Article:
Shackleton and His Stowaway at Park Theatre
There are two sets of people in this world; those that know about Ernest Shackleton’s epic Antarctic expedition, and those that don’t. This play better serves the latter group.
The play covers the period from Shackleton’s departure from South America in August 1914 to the final rescue two years later.
Three days into the journey our stowaway is discovered and sent to face Shackleton in his cabin. Our leader now has a problem – an inexperienced body and an extra mouth to feed. Now, anyone who knows anything about Shackleton knows that he eats problems for breakfast, however, our Shackleton, who is rightly angry at the young lad, also displays flashes of petulance at the situation. The petulance didn’t sit well with me.
Shackleton, portrayed by Richard Ede, puts the stowaway, played by Elliott Ross, to work, treating him somewhat as a slave until he ‘earns’ his rightful place among the crew. Shackleton’s bullying and the stowaway’s naivety creates a tension between the two characters which is slow to thaw. As the script called upon Shackleton to constantly call the stowaway ‘idiot’, it contributed to the ill-fitting air of petulance mentioned earlier.
It’s very ambitious to ask two actors to tell this huge two year story in just two hours. This time constraint means that some events of either sheer terror or agonising hardships have been reduced to a few lines of dialogue. Likewise, the sparse scenery has to represent many different situations. It is to the credit of the cast and director (Simone Coxall) that seemingly every possible permutation of the decking and ropes were used to suggest different locations. Having said that, there seemed to be some scenery changes that were mysterious and possibly unnecessary.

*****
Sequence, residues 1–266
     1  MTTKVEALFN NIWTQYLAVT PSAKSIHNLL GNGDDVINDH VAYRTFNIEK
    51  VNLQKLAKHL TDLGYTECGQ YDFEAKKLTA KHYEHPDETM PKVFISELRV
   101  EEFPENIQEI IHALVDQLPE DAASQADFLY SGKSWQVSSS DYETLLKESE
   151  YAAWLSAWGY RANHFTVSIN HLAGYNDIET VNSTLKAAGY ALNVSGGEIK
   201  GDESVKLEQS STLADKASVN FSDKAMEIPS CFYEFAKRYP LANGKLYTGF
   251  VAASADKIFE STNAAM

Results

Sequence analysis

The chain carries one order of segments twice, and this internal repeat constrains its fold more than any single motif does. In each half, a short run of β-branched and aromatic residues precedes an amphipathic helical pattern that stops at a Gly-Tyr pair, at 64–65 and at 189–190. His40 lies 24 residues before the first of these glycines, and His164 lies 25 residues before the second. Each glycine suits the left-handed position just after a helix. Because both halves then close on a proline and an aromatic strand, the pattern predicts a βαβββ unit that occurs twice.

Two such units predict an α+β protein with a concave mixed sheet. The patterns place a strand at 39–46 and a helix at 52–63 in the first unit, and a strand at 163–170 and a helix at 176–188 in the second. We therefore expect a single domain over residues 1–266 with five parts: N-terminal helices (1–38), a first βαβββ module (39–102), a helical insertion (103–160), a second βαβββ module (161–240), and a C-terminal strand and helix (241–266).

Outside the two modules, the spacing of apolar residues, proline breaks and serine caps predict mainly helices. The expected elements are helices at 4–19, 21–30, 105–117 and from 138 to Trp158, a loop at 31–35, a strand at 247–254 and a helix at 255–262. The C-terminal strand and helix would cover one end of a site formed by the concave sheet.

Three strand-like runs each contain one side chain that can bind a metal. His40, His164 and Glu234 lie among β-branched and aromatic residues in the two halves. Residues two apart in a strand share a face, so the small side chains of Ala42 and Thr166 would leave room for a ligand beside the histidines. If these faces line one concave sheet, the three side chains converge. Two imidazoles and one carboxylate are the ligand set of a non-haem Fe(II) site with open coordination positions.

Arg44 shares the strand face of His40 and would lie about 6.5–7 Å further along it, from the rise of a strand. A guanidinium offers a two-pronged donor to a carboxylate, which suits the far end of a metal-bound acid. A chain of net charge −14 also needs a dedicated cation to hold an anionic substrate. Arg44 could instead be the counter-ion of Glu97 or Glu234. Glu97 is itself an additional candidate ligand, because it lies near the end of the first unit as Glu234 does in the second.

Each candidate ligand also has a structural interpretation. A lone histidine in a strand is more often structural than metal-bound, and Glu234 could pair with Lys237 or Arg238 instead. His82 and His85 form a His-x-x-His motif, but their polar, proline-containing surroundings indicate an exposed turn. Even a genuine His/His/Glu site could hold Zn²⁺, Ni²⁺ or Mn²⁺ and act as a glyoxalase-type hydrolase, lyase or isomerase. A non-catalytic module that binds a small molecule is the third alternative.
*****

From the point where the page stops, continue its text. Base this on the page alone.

For the most part, the dialogue explains all, and you have to hang on to every word to catch the perils that were faced and overcome. There is a frosting of humour, mainly from the stowaway, to relieve the tension, but the laughs are unpredictable; I laughed when others didn’t and others laughed when I didn’t.
There is also a lyrical element to the script that I didn’t think belonged to the story, particularly when delivered by Shackleton. He didn’t seem to be opening a window into his soul with some of his dialogue, but he spoke in a way that suggested, at times, that he was more of a poet than a man of action.
But man of action he was and the penultimate scene left you in no doubt that he was thinking of his crew and their safety throughout. The ending was genuinely emotional and a satisfying conclusion to the play.
If you know about Shackleton’s ill-fated expedition of 1914, this production may not educate you any further, however, if you don’t know anything about it, this production may be a very good place to start. Buy a ticket, wrap up warm, hang on every word and wonder at the audacity, leadership, heroism and sheer bloody-mindedness of Shackleton – and you’ll also understand why anyone would want to risk being in his company.
Review by Eric Whiting
Shackleton and His Stowaway is on at Park Theatre until 1st February 2020. For more information and tickets visit their website.